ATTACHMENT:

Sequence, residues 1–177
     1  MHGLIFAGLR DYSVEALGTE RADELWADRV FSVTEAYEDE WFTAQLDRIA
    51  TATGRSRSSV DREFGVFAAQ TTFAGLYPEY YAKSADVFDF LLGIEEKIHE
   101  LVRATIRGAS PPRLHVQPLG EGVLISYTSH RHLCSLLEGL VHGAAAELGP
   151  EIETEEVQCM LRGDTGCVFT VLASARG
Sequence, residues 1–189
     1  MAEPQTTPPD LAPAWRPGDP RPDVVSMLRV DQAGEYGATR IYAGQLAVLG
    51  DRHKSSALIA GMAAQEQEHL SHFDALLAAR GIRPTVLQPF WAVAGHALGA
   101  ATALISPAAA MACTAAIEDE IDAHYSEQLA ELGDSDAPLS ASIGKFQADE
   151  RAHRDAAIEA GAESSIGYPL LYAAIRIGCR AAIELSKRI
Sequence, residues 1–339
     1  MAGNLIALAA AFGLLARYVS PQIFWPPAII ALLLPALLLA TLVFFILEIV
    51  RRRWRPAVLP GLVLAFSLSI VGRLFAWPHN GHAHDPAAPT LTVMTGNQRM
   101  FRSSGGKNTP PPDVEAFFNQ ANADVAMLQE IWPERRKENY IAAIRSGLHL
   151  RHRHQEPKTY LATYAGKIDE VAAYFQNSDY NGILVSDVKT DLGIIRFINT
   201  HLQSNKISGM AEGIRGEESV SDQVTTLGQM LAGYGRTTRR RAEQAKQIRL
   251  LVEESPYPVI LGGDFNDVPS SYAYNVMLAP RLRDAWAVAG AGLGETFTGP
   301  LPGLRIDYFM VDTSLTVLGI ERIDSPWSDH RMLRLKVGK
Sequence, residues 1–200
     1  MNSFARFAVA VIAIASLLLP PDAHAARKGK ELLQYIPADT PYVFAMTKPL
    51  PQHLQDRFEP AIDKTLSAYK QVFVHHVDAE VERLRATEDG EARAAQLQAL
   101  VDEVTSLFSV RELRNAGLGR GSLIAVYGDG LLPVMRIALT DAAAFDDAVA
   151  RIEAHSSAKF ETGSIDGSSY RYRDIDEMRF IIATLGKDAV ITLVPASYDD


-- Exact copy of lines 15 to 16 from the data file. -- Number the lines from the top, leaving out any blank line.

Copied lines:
   151  RHRHQEPKTY LATYAGKIDE VAAYFQNSDY NGILVSDVKT DLGIIRFINT
   201  HLQSNKISGM AEGIRGEESV SDQVTTLGQM LAGYGRTTRR RAEQAKQIRL